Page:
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Re: Writing Destructive Functions
- To: Ranson <ranson@LANNION.cnet.fr>
- Subject: Re: Writing Destructive Functions
- From: cfry@MIT.EDU (Christopher Fry)
- Date: Wed, 30 Sep 92 11:56:19 EST
- Cc: firstname.lastname@example.org, email@example.com, firstname.lastname@example.org
> Here is a function that has the requested behaviour:
> (defun replace-first (l new)
> (setf (cdr l) (cons (car l) (cdr l))
> (car l) new))
> That is, you add a cons cell after the first one, move the first element to
> the second place, and add the new elemnt in its place.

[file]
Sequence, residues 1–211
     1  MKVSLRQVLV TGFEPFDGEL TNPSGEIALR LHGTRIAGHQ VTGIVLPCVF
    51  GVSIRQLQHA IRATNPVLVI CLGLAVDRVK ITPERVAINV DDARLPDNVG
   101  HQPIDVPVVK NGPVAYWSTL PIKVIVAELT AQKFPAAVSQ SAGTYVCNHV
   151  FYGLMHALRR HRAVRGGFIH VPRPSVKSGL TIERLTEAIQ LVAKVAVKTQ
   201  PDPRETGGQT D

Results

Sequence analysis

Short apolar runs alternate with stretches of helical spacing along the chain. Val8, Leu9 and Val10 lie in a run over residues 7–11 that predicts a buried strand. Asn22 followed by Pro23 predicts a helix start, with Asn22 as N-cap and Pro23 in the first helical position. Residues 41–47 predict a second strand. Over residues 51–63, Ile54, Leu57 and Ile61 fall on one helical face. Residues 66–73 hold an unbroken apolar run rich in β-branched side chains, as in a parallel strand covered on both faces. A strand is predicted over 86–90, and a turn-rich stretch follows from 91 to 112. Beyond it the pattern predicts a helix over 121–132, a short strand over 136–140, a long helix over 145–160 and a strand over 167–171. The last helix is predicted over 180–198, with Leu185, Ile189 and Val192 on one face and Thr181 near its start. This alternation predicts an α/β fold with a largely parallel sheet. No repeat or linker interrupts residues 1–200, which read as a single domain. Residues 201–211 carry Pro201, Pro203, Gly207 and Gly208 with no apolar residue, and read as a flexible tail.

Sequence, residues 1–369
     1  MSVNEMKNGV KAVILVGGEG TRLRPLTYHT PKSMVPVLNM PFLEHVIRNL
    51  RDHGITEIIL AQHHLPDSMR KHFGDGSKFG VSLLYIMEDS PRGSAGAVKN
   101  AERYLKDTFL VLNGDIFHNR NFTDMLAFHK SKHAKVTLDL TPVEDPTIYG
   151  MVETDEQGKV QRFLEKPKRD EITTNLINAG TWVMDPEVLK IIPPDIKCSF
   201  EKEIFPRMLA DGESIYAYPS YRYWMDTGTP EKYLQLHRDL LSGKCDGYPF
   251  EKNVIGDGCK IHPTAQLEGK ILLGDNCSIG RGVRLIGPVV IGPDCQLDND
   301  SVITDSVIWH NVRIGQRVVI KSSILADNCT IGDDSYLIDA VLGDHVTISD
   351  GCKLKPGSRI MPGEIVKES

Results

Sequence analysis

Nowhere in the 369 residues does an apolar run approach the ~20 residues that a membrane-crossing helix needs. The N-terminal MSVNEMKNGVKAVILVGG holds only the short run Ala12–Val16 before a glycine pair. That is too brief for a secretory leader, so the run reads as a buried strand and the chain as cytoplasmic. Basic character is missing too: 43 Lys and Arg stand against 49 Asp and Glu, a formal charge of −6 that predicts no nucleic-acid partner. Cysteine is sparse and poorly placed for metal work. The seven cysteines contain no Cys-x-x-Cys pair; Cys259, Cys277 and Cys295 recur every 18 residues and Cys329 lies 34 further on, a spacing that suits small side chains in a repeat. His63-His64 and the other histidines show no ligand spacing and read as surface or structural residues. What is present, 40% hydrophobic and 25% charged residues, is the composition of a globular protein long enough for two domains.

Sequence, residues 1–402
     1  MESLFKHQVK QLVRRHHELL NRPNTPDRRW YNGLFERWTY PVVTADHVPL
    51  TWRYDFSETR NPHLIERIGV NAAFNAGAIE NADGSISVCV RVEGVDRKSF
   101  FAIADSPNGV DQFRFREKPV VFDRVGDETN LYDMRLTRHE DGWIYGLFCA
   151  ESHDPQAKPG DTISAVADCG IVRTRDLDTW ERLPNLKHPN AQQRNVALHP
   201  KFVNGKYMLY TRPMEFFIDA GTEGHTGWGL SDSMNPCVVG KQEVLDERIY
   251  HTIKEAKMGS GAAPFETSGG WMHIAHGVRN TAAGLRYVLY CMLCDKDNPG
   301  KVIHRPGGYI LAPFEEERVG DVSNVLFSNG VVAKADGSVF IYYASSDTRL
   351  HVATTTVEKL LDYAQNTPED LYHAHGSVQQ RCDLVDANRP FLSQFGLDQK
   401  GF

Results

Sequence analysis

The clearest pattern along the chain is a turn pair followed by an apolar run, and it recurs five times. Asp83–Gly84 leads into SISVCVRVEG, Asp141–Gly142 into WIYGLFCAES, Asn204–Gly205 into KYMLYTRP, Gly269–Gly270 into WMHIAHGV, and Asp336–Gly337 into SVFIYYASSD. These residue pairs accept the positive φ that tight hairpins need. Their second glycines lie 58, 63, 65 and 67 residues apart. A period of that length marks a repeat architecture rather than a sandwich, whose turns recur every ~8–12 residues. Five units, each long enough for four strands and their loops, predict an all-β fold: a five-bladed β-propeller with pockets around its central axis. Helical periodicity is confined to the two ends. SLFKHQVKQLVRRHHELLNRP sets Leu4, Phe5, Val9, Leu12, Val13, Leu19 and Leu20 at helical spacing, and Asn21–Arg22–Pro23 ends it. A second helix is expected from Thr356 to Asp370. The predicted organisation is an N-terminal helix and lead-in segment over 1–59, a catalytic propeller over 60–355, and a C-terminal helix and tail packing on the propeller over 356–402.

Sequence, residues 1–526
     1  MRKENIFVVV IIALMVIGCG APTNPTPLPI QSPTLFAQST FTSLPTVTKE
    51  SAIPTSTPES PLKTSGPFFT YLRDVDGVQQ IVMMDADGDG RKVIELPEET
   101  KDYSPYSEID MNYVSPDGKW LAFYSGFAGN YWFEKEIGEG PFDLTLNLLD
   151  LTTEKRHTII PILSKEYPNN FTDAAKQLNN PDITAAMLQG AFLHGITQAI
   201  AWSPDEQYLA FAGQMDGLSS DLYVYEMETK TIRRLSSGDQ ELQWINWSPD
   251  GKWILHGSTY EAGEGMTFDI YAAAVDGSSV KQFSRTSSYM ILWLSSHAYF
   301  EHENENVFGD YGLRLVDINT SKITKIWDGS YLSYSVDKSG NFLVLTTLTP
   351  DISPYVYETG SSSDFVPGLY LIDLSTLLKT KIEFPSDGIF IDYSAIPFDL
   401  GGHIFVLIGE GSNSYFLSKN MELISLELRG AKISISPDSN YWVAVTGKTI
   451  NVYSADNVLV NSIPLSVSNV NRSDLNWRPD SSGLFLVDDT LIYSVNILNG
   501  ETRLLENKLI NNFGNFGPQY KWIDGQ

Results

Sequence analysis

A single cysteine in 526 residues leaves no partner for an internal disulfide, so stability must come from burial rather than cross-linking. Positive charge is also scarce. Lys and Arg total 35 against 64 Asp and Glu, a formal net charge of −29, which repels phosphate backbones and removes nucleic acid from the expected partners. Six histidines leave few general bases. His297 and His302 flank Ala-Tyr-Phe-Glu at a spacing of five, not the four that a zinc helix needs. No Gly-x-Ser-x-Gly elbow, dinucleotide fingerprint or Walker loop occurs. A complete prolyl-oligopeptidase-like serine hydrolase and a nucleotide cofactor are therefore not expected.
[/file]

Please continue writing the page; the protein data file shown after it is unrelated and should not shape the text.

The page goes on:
> This may not work if you share other parts of the list too.
Interesting you should bring this up. I thought of this solution years ago
but never actually implemented it. Thanks Daniel.
The cavat here is that l CANNOT be NIL or the returned result of
the fn will not be EQ to its first arg. Since Lists of NIL are so common, you
end up having to maintain the list in a var anyway.
Also consider growable vectors. Unlike lists, there can be > 1 empty
vector in a lisp environment.